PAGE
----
Question: "What does it mean to praise God?"
Answer: Christians often speak of “praising God,” and the Bible commands all living creatures to praise the Lord (Psalm 150:6). One Hebrew word for “praise” is yadah, meaning “praise, give thanks, or confess.” A second word often translated “praise” in the Old Testament is zamar, “sing praise.” A third word translated “praise” is halal (the root of hallelujah), meaning “to praise, honor, or commend.” All three terms contain the idea of giving thanks and honor to one who is worthy of praise.
The book of Psalms is a collection of songs filled with praises to God. Among them is Psalm 9, which sings, “I will be glad and rejoice in you; I will sing the praises of your name, O Most High” (verse 2). Psalm 18:3 says God is “worthy of praise.” Psalm 21:13 praises God both for who He is and for His great power: “Be exalted in your strength, LORD; we will sing and praise your might.”
Psalm 150 offers a strong focus on praise, using the term thirteen times in six verses. The first verse provides the “where” of praise—everywhere! “Praise God in his sanctuary; praise him in his mighty heavens.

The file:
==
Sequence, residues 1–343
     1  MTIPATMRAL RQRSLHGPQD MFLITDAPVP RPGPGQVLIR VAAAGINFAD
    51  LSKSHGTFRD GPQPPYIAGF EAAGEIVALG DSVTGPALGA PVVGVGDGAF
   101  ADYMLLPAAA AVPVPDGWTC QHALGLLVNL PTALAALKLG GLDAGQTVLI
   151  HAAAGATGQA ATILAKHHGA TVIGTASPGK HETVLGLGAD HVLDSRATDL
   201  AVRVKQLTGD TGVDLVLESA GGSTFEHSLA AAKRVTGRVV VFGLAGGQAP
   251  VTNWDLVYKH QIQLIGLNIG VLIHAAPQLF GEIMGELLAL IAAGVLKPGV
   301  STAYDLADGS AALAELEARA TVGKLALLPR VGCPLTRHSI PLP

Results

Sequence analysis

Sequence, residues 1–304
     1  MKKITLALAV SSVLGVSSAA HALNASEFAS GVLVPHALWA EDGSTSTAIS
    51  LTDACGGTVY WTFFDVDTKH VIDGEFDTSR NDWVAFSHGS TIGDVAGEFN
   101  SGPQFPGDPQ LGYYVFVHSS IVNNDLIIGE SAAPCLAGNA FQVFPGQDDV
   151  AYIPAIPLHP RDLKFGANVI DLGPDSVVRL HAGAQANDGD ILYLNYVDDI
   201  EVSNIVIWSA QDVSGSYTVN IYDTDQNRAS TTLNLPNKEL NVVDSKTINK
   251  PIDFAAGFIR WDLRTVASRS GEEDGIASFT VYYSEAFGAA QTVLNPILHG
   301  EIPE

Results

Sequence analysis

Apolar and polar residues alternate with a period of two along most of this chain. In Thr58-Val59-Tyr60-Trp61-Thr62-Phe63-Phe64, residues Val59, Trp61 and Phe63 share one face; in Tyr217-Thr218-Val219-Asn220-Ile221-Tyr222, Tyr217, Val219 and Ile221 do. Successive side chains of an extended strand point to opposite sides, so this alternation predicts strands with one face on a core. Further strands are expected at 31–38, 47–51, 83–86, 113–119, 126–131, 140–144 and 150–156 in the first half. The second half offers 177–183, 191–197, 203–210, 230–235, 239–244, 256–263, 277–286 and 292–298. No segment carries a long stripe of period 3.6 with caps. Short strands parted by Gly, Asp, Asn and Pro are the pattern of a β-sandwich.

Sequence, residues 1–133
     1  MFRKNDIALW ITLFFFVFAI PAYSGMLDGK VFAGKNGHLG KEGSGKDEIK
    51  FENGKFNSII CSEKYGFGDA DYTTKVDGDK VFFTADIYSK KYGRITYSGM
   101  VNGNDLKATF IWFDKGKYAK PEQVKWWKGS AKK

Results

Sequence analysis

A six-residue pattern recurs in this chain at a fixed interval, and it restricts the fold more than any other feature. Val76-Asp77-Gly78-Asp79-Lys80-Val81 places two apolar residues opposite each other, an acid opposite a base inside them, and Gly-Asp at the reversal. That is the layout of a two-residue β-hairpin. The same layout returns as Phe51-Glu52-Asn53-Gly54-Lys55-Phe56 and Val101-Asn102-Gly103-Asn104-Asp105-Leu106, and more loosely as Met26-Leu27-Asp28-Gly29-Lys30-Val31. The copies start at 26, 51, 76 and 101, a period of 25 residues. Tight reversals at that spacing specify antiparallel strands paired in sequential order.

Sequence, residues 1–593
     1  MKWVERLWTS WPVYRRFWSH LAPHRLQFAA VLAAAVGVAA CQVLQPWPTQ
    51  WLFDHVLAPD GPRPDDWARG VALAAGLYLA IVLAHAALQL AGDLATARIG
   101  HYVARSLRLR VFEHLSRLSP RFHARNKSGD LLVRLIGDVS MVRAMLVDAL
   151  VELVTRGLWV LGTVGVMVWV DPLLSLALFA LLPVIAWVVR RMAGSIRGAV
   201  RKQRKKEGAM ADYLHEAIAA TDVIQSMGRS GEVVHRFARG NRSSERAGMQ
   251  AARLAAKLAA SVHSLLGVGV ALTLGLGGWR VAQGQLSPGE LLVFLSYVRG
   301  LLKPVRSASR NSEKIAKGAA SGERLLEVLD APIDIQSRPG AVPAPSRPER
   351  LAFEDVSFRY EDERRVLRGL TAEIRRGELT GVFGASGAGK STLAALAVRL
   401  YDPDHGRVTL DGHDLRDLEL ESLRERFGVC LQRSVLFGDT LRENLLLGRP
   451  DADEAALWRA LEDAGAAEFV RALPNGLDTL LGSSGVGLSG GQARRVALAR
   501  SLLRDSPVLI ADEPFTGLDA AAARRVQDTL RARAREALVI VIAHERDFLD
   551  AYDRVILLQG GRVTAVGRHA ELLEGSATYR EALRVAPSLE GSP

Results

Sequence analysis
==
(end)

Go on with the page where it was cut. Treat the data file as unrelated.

- The next verse teaches “why” to praise the Lord: “Praise him for his acts of power; praise him for his surpassing greatness.”
- Verses 3–6 note “how” to praise the Lord—with a variety of instruments, dance, and everything that has breath. Every means we have to make sound is to be used to praise the Lord!
In the New Testament, there are examples of praise given to Jesus. Matthew 21:16 refers to those who praised Jesus as He rode a donkey into Jerusalem. Matthew 8:2 notes a centurion who bowed before Jesus. In Luke 24:32 the disciples of Jesus were said to worship Him after His resurrection. Jesus accepted praise as God.
The early church often shared in times of praise. For example, the first church in Jerusalem included a focus on worship (Acts 2:42–43). The church leaders at Antioch prayed, worshiped, and fasted during the time Paul and Barnabas were called into missionary work (Acts 13:1–5). Many of Paul’s letters include extended sections of praise to the Lord (1 Timothy 3:14–16; Philippians 1:3–11).
At the end of time, all of God’s people will join in eternal praise of God. “No longer will there be anything accursed, but the throne of God and of the Lamb will be in it, and his servants will worship him” (Revelation 22:3, ESV). With the curse of sin removed, those who are with the Lord will forever praise the King of kings in perfection. It has been said that our worship of God on earth is simply preparation for the celebration of praise that will take place in eternity with the Lord.
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